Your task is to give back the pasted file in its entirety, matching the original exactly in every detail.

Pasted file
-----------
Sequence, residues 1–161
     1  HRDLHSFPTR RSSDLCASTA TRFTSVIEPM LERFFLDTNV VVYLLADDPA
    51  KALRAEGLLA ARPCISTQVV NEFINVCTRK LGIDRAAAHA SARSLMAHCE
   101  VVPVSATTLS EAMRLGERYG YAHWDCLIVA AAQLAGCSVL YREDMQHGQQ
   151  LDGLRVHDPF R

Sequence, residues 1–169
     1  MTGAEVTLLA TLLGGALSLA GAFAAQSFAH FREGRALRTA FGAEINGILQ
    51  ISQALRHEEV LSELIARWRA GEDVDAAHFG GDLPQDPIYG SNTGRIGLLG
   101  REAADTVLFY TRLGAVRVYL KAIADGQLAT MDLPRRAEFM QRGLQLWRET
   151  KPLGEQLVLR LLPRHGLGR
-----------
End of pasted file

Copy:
Sequence, residues 1–161
     1  HRDLHSFPTR RSSDLCASTA TRFTSVIEPM LERFFLDTNV VVYLLADDPA
    51  KALRAEGLLA ARPCISTQVV NEFINVCTRK LGIDRAAAHA SARSLMAHCE
   101  VVPVSATTLS EAMRLGERYG YAHWDCLIVA AAQLAGCSVL YREDMQHGQQ
   151  LDGLRVHDPF R

Sequence, residues 1–169
     1  MTGAEVTLLA TLLGGALSLA GAFAAQSFAH FREGRALRTA FGAEINGILQ
    51  ISQALRHEEV LSELIARWRA GEDVDAAHFG GDLPQDPIYG SNTGRIGLLG
   101  REAADTVLFY TRLGAVRVYL KAIADGQLAT MDLPRRAEFM QRGLQLWRET
   151  KPLGEQLVLR LLPRHGLGR